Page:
Life of a disparate housewife
TDesperate Housewives, M Channel 7, Monday, 8.30pm Suburban soap Duration: 1 hour ERI Hatcher insists she’s not here to talk about her personal life. Ask her anything about the portrayal of the bumbling desperate housewife Susan Meyer, Hatcher says, and she’ll happily ramble away. But before you know it, Hatcher is discussing life away from the set of the show.
Hatcher (below) says she remains committed to the Channel 7 series because it mirrors the fact so many women, herself included, ‘‘feel a little desperate these days’’.
She might receive $400,000 an episode for Desperate Housewives, but Hatcher, 43, likens herself to many working women.
‘‘We all, at this point across the world, are being asked to take care of our children, help financially support our households, have sex with our husbands and look good while we do it all,’’ Hatcher says.
‘‘It’s a lot. It’s too much. So watch this show because it will give you an hour break.’’
Hatcher created headlines in 2006 when she released her book, Burnt Toast: And Other Philosophies Of Life. So successful was the book, she’s writing another on multi-tasking.
‘‘It’s about living life in a multi-tasking world that demands you get up in the morning and be this and then throughout the day change five hats to be all these different things to all these different people— and what that feels like and how to do it better,’’ she says.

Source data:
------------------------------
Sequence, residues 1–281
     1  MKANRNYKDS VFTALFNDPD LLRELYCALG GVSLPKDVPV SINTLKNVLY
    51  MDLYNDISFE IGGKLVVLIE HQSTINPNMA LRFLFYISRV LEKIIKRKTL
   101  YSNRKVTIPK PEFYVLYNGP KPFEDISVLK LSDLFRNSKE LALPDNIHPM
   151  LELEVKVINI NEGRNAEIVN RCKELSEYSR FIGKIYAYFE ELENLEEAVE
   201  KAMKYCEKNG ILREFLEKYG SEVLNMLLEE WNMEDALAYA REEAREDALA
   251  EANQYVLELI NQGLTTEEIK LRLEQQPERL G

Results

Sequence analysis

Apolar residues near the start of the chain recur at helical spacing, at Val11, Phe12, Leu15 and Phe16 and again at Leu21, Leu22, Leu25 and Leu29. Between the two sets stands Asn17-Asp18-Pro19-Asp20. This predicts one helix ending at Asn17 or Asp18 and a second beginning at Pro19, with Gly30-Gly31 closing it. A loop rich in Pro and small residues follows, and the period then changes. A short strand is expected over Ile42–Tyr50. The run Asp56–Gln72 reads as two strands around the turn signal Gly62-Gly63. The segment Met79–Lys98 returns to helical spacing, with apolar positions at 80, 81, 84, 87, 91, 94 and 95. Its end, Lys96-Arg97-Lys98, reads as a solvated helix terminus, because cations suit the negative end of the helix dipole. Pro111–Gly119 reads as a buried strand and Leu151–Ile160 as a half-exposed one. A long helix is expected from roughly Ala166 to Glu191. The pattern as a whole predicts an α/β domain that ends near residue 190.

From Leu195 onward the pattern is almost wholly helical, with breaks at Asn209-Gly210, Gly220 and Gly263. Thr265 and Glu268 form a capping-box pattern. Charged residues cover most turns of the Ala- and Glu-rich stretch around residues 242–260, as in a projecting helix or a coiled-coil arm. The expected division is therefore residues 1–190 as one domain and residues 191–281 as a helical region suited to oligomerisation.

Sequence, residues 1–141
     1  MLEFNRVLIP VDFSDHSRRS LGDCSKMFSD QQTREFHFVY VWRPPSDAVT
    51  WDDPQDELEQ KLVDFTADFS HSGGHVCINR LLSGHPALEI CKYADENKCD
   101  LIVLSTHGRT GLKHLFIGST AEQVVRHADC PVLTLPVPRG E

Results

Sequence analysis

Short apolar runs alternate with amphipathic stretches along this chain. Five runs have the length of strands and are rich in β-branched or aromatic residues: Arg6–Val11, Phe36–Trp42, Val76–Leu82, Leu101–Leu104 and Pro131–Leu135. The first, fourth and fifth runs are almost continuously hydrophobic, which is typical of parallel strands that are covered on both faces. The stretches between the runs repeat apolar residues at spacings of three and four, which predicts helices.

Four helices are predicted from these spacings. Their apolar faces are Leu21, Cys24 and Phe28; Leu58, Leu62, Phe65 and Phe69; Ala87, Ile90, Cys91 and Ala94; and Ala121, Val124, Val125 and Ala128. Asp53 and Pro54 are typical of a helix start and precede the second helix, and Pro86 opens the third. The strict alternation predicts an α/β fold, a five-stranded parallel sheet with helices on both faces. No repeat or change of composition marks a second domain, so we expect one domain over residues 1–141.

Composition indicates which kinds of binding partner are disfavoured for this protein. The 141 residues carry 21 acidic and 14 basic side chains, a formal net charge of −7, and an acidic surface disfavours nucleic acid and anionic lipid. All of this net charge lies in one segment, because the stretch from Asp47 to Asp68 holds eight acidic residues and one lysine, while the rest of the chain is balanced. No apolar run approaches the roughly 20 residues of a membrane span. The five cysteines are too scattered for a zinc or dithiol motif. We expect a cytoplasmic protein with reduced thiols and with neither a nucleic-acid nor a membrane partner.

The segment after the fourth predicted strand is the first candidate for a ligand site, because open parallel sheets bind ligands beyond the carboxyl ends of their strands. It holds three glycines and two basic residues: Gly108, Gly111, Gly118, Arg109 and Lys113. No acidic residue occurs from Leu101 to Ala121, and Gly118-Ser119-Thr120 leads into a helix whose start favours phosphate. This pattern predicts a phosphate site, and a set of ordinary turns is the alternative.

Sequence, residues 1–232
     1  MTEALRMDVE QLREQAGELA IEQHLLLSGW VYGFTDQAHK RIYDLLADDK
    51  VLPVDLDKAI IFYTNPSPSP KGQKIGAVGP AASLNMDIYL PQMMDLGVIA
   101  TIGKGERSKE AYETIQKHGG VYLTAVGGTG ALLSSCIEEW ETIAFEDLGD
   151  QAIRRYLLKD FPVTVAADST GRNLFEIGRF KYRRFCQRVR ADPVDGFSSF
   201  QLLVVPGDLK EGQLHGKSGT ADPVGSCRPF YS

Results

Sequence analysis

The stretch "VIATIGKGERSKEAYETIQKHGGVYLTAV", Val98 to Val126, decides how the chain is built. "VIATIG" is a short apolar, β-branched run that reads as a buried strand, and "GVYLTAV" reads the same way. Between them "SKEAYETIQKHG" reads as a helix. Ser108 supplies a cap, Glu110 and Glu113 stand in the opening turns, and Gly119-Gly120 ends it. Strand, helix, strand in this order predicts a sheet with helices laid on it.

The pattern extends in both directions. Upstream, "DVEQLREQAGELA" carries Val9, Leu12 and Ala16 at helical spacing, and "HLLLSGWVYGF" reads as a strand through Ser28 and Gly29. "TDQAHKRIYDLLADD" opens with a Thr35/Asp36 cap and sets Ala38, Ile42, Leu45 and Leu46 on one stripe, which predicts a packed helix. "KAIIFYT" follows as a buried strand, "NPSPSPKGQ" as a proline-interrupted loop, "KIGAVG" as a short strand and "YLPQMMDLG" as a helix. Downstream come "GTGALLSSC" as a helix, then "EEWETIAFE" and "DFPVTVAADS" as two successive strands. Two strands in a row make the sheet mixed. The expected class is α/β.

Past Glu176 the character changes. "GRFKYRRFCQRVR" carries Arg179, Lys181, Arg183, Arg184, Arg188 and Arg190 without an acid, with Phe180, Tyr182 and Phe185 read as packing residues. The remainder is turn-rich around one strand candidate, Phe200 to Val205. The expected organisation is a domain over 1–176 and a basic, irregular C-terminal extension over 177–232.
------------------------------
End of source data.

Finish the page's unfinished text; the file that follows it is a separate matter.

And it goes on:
Hatcher is also renowned for her shock revelation two years ago that she was sexually assaulted as a child.
She was molested when she was five and the suicide of a teenage victim of the same man inspired Hatcher to come forward.
‘‘In terms of the abuse, you know, I just wrote an article. I got a lot of response from that article from a lot of presidents of abuse networks and organisations that are still saying no one is doing anything about this (stopping child abuse).
‘‘No one is talking about this. This is still happening. The law system makes it impossible to prosecute anybody.
‘‘So it (public response to her openness) made me feel like I better keep talking about it. I don’t feel as if I need to be talking about it. People have to keep talking about the things in the world that aren’t right. And that’s just one of them.’’